Ipswich house prices proving resilient

THE Ipswich housing market has proved to be one of the most resilient with prices falling by less than 3 percent in the last six months, new figures have revealed.

Lizzie Parry

THE Ipswich housing market has proved to be one of the most resilient with prices falling by less than 3 percent in the last six months, new figures have revealed.

The average cost of a home in the town dropped by just 2.8% since September last year from �170,998 to �166,250, when the credit crunch intensified.

Ipswich is one of 12 towns and cities across the country that have bucked the trend during the recession, with Cheltenham proving the most robust, where prices dropped just 0.2%, according to property website Globrix.com.


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Other pockets of resistance include Farnborough and Guildford in Surrey, Sevenoaks, Kent, Durham and Chesterfield.

The figures contrast with average price falls of 8.9% recorded across the whole of the UK by the Halifax house price index during the same period.

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Local estate agent, Charlie Wright, a partner at Ipswich-based Fenn Wright said they have seen huge interest in the town centre in recent months as people take advantage of lower interest rates.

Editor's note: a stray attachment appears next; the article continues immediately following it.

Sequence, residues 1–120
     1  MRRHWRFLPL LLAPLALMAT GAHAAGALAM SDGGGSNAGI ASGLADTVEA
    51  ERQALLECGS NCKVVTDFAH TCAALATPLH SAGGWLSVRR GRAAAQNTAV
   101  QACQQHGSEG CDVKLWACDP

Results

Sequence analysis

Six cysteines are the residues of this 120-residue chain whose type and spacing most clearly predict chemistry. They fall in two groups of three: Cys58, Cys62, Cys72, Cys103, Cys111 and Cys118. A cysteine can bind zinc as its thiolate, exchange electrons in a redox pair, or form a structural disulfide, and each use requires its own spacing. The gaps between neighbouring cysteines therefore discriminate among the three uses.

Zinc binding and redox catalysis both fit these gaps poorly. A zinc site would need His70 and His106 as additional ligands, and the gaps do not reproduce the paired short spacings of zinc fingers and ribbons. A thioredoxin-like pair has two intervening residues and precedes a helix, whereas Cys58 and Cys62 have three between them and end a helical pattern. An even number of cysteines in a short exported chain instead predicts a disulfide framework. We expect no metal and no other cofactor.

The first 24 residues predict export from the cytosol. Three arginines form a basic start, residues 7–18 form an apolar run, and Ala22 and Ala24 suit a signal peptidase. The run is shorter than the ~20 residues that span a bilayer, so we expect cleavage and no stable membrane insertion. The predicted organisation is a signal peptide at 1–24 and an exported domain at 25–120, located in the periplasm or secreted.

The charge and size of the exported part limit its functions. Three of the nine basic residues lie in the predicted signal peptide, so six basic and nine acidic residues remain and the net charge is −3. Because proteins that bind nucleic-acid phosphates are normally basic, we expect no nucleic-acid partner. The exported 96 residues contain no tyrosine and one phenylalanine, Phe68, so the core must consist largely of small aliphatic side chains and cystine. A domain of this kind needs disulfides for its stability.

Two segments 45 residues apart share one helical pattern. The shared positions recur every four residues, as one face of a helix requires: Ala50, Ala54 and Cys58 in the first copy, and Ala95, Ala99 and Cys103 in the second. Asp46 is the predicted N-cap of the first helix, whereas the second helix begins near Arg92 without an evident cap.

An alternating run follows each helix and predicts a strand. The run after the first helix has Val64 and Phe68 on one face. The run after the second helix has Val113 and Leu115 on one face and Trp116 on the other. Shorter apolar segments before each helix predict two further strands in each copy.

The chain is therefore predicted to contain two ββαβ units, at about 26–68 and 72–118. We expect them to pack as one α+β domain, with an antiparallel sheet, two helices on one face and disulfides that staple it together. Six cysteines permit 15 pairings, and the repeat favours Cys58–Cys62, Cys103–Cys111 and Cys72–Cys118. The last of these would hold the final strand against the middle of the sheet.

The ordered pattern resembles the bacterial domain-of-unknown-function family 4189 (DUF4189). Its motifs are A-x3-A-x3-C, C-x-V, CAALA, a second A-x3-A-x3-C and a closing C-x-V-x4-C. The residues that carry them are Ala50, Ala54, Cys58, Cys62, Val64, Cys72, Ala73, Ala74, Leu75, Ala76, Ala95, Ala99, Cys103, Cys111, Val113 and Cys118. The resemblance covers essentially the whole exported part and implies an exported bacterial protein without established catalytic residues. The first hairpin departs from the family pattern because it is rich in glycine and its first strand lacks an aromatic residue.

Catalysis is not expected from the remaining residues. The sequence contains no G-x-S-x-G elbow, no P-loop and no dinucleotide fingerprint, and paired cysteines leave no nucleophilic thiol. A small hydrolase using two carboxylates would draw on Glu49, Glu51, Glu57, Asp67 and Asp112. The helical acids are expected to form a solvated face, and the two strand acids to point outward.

He said: “The Ipswich market is certainly particularly strong at the moment. Town houses are selling a lot better than country properties, and those in the lower spectrum are seeing a lot of interest.

“The general trend at the moment is definitely a move towards lower end properties selling well, particularly in the �100,000 to �300,000 bracket.

“We have sold a lot more properties in the lower end of the market than the upper end.

“We are still selling over one house a day as the lower end of the market takes off.”

He said houses in the town centre were attracting more interest than those in rural village locations at the moment.

With first time buyers seeing the opportunity to maximise on low interest rates, people are looking to buy properties in the town for future investment rather than keep money in the banks.

“I don't think you can pin point particular areas of the town centre, everywhere is selling well at the moment,” he added.

And Stuart Clarke, a partner at Clarke & Simpson and chairman of the local association of estate agents said Suffolk had bucked the national trend.

“Generally as a place to live, Suffolk has always been considered rather special, and being just an hour from London has meant it has held up much better than other parts of the country.”

The figures come as property website Rightmove said average asking prices increased for the third month in a row during April, rising by 1.8% as both buyers and sellers continued to return to the market.

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